How are colleges presenting this to student teachers? That question was raised several times as I worked with newly selected mentors in Rochester, New York. (See previous blog on Rochester’s award winning Career in Teaching program.)
Education Week Teacher carried an article by Sarah Henchey titled Student Teaching: More Than a Custody Arrangement.
Henchey made 5 suggestions:
#1 Use guest speakers for pre-service teachers to be introduced to all the school based staff who contribute to students’ success: counselors, specialist, teachers, etc.
#2 Create Targeted Observations. Pre-service students should be doing many classroom observations that are targeted, focused to see specific elements. They can then synthesize their learning.
#3 Simulate the collaboration expected in schools. Pre-service teachers should form and practice professional learning communities as they begin studying the practice of teaching.
#4 Experience the politics of education first hand. Attend school board meetings; follow local press coverage of schools, and interview principals.
#5 Create true partnerships with cooperating teachers. Expert teachers who serve as cooperating teachers can be involved with university staff to plan for the greatest pre-service learning.
Two of Henchey’s suggestions have been on my recommendations list and were discussed with the Rochester mentors.
I encourage mentors to focus their observations in teacher’s classrooms more on students than on the teacher. In conversations with beginning teachers I ask them to describe the student behavior (actions) needed to get the desired learning outcomes. For example in a pre-conference a teacher shared that the lesson I would observe had students reading on their own for about 15 minutes, then working in pairs to analyze the reading, then participating in a whole class conversation. I asked the teacher to describe key student behaviors in each section of the lesson.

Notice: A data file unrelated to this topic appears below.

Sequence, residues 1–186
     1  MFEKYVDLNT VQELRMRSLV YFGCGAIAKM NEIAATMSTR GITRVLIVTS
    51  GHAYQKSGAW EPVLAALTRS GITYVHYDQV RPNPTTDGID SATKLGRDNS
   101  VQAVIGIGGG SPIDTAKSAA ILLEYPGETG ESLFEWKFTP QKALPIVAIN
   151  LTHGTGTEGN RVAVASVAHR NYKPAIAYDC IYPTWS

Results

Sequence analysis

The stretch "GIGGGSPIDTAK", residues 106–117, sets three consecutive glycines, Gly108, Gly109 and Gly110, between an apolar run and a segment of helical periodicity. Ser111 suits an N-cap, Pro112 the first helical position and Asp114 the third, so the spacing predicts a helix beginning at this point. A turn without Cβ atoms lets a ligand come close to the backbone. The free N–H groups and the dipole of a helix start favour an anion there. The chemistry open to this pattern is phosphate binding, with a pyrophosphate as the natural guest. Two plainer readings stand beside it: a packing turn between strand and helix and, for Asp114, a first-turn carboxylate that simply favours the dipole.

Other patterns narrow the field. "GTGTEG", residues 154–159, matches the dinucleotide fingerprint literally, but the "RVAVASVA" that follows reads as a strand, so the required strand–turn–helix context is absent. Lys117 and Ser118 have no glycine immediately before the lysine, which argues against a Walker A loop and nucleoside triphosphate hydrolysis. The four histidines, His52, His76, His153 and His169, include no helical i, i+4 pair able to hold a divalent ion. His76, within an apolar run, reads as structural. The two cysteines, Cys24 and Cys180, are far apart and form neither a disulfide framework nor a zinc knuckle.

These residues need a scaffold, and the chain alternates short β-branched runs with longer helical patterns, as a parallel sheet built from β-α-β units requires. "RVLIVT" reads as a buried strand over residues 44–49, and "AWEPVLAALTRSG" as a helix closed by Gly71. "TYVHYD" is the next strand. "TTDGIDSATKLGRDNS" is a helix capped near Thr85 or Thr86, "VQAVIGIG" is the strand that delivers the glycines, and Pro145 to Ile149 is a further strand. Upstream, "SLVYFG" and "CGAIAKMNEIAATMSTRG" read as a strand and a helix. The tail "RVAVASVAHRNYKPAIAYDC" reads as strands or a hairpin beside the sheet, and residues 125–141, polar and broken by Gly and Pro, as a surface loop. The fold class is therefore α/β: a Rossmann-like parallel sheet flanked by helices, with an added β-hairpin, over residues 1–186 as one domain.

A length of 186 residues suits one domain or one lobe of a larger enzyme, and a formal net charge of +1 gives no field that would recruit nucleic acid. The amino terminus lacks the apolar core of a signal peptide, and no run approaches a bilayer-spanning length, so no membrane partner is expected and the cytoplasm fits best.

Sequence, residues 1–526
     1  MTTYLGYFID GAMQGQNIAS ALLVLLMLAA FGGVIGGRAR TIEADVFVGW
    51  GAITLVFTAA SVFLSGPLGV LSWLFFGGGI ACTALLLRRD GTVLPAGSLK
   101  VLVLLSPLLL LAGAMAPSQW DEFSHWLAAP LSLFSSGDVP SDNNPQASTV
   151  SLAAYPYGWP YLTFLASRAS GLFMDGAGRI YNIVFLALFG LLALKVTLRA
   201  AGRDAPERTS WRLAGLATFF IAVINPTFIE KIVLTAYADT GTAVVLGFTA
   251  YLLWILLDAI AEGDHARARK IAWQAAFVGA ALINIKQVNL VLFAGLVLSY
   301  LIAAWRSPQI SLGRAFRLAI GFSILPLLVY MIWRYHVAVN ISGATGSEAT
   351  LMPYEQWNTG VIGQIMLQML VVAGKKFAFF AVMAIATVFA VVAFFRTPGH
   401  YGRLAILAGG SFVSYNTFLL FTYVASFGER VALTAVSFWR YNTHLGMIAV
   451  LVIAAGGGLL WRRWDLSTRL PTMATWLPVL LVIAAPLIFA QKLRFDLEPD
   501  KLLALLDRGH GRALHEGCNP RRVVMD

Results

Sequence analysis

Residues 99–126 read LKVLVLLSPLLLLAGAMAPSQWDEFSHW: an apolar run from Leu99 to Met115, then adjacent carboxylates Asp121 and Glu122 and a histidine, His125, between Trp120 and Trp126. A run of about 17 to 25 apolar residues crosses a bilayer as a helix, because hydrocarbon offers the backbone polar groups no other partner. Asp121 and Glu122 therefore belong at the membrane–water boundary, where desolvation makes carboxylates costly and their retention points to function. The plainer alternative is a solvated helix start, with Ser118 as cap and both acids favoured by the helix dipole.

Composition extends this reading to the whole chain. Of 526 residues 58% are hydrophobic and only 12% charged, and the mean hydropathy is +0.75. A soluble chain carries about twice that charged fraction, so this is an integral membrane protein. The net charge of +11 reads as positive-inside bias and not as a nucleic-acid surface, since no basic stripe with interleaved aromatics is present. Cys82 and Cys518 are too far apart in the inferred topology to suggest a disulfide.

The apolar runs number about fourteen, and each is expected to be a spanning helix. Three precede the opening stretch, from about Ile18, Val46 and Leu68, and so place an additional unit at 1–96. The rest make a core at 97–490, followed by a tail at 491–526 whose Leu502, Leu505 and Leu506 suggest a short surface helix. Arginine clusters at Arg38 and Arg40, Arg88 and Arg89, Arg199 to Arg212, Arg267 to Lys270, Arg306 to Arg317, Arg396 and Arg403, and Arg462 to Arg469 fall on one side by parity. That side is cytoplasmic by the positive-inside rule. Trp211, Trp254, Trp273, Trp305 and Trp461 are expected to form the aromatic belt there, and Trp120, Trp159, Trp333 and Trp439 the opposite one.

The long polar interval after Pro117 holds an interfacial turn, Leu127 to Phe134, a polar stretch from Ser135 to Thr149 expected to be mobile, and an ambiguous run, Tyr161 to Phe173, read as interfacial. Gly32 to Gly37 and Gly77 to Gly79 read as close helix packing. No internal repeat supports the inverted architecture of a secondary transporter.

If the teacher cannot identify the key behaviors, that’s where my coaching and mentoring begin. That identification is critical to designing the learning activity and deciding the teacher’s facilitation.
If the teacher is clear on identifying the behavior, we are then ready to observe the lesson and record “what happens”.
In a post conference we can explore alternative teacher behaviors at any point where the student response was not the desired one. My finding is that teachers in this conversation are more open to changing their behavior after exploring the student behavior.
Pre-service students should get plenty of practice observing students.
Years ago I was asked to provide coaching skills training to a group of cooperating teachers. Prior to my beginning a university staff person speaking to the group said, ”Be sure as the semester proceeds that the intern is making more of the teaching decision on his/her own.” I sat there thinking, “In two or three years I’ll be working with these young teachers convincing them to make decisions collaboratively.”
Pre-service teachers should be assigned to a PLC before being sent out to student teach. That PLC should all be sent to the same building and function as a learning team throughout their internships. As their careers start these new teachers would readily join existing teaching teams or seek out teammates in their new settings.
I believe that a key role for mentors is to assist new teachers in becoming active collaborative team members of the school. Until a school staff becomes collaborative it cannot reach maximum student achievement. Mentors and coaches play important roles in creating a collaborative school culture.
Beginning a teaching career is a demanding time. Partnerships between university programs and district mentor programs can build a strong support.
What thoughts would you add to Henchey’s list?